Here’s What Will Help Reduce Your Risk Of Dementia, According To WHO Guidelines
The World Health Organization has released its first official guidelines to reduce the risk of dementia. The full report lays out the healthy habits – including diet and lifestyle – thought to be critical for brain health.
Making sandwiches was my teenage jam. Back when I was 16, my first job was working as a tea lady at a nursing home in England. Most days, you’d find me preparing sandwiches, snacks, and tea for the lovely residents at Wingfield.
When I listened to the stories of my elders, I found great life lessons within them. For example, Betty, a high-spirited 90-year-old woman, shared marital advice that I’ll never forget: “don’t ever go to bed angry.” And, each time I delivered Mrs. White’s afternoon tea, she’d thank me with a smile and remind me to save money for my future.
In those moments, I also became acutely aware of the severity of dementia and how emotionally draining it can be.
Mary’s struggle with dementia was difficult for all those around her, myself included. Some days Mary would be happy and chatty, while other days, she would be depressed and withdrawn. I can only imagine how frustrating it must have been for her to lose control of her emotions like that.
According to a new report and guidelines by The World Health Organization (WHO), over 50 million people worldwide are affected by dementia, with that number projected to triple by 2050. In 2015, the total global societal cost of dementia was estimated to be US$ 818 billion.
Diet and lifestyle can reduce the risk of dementia.
While there are many causes, Alzheimer’s and vascular dementias are closely related to and greatly influenced by the same diet and lifestyle factors. In other words, your diet and lifestyle can potentially reduce your risk of dementia.
WHO’s new Dementia guidelines promote key healthy habits to help reduce the risk of dementia.
Here’s a summary of the WHO’s recommendations:
Enjoy a healthy, balanced Mediterranean-style diet.
A growing body of evidence indicates that following a Mediterranean-style eating pattern may protect against cognitive decline. In other words, eating a whole foods plant based diet (WFPB); rich in fruits, vegetables, whole grains, healthy fats, and seafood, may help to reduce your risk of dementia. Besides offering anti-inflammatory benefits, such a dietary pattern is also linked with less plaque build-up, which is associated with dementia risk.
Incorporate regular physical activity into your routine
Physical exercise was, in fact, the number one recommendation by the WHO – to reduce the risk of dementia.
Although cognitive function typically declines as we age, being physically active regularly can help reduce this decline. According to research, participating in consistent exercise – for at least 150 minutes per week lowers the risk of developing dementia.
Studies indicate that those who exercise more are less likely to develop dementia of any kind. Some believe that cognitive function can be improved through physical exercise by sparking neurogenesis (formation of new neurons), angiogenesis (creation of new blood vessels), synaptic plasticity (which supports learning and memory), and decreased inflammation in the brain.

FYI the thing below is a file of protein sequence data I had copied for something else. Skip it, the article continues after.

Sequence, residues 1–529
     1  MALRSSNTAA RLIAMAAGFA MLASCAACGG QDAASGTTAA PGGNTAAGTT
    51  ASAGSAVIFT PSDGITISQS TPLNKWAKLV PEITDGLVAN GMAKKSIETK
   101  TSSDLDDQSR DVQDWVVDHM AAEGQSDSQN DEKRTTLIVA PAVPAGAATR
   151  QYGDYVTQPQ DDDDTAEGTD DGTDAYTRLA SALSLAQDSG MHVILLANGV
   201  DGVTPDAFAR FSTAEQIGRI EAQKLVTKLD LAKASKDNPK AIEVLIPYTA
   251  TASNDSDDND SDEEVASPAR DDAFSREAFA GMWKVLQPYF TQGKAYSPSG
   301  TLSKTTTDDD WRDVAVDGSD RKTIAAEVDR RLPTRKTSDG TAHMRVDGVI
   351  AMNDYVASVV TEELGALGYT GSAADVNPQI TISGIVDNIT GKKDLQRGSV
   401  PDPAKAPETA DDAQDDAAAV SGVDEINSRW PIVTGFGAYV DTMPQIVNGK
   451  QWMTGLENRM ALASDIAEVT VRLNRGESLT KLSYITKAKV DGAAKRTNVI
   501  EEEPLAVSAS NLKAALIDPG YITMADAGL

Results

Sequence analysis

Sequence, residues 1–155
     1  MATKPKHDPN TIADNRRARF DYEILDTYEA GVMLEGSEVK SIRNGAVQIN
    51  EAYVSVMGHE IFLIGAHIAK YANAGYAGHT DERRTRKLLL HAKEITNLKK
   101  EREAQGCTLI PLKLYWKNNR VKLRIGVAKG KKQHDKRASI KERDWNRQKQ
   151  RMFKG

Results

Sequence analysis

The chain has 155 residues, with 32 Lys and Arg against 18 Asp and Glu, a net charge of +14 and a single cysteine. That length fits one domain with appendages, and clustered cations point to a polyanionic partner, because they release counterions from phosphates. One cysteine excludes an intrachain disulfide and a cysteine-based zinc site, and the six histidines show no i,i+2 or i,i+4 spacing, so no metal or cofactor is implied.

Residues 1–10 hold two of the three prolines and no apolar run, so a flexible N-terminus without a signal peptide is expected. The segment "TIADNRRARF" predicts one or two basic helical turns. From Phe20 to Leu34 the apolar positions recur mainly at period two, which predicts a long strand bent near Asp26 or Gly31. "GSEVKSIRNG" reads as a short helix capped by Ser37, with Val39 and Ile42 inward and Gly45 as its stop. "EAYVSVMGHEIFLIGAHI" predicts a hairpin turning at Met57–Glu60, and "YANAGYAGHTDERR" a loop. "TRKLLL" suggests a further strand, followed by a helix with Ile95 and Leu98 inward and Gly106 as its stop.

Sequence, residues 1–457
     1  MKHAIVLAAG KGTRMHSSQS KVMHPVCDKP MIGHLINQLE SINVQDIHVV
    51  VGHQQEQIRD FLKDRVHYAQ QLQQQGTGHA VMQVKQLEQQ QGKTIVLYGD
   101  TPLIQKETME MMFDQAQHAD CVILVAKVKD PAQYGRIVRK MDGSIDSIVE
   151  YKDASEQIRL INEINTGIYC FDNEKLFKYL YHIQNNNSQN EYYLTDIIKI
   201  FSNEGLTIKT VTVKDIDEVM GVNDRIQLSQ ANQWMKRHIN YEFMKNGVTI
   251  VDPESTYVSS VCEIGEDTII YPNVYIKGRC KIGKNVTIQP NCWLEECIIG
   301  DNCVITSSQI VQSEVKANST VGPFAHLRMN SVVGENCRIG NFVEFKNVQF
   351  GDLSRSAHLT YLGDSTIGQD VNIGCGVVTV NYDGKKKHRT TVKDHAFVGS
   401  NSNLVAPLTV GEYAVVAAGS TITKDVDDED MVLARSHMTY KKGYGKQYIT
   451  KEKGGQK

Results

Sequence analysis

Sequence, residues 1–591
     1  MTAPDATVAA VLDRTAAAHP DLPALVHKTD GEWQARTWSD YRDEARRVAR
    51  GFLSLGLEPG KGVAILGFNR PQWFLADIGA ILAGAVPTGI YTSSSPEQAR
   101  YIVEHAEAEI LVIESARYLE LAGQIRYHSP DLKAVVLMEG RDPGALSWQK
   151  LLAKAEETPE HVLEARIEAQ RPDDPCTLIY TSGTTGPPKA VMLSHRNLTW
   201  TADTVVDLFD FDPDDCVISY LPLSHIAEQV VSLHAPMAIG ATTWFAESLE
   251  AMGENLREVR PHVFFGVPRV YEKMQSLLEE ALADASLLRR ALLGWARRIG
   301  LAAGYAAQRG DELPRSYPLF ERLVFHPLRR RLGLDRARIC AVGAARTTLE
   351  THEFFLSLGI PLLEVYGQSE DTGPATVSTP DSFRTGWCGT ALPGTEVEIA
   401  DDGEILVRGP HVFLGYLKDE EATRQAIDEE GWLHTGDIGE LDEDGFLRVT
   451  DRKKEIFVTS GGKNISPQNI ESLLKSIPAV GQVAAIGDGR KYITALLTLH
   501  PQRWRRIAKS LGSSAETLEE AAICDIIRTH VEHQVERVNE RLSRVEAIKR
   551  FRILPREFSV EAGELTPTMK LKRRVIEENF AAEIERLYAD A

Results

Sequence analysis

Minimize/avoid highly processed foods
It’s true; what’s good for heart health is also good for the brain. The WHO suggests that people should try to minimize their intake of processed grains, like white refined flour, white rice, and white pasta. In addition, they recommend minimizing foods that contain a lot of sugar, salt, or saturated fat – like butter, ghee and red meat.
The WHO’s suggestions for cognitive decline prevention coincide with what we usually hear to support heart health: reducing high blood pressure, high cholesterol and managing blood sugar levels. What was noteworthy is that the WHO didn’t recommend any vitamin or mineral supplementation.
Quit smoking and reduce/cease alcohol consumption
Tobacco use is the number one cause of preventable death worldwide, as stated in the WHO report. Not only does smoking cigarettes increase your risk of heart disease and cancer, but studies show that it can lead to cognitive decline – directly affecting your brain health.
Other lifestyle factors play a role.
The WHO suggests further lifestyle changes that may improve brain health, though there is less evidence to support them. These include getting enough sleep and maintaining positive relationships and social interactions.
What’s the take-home message?
Whether you have a family history of dementia or are experiencing mild symptoms of cognitive impairment; such as confusion and forgetfulness – embracing a predominantly plant based diet, regular physical activity, minimizing highly processed foods, quitting smoking and curbing alcohol use could help reduce your risk.
While more research is needed, the WHO’s guidelines support our current understanding of how diet and lifestyle can positively impact brain health. It may be worth chatting with your healthcare provider about incorporating some of these recommendations into your routine to potentially reduce risk and maintain cognitive function as you age.
Remember, maintaining a healthy lifestyle doesn’t guarantee the prevention of cognitive decline. Still, it may help reduce risk and delay its onset. And as always, if you have concerns about your memory or daily functioning, speak with a healthcare professional. Early detection and treatment can potentially slow the progression of dementia.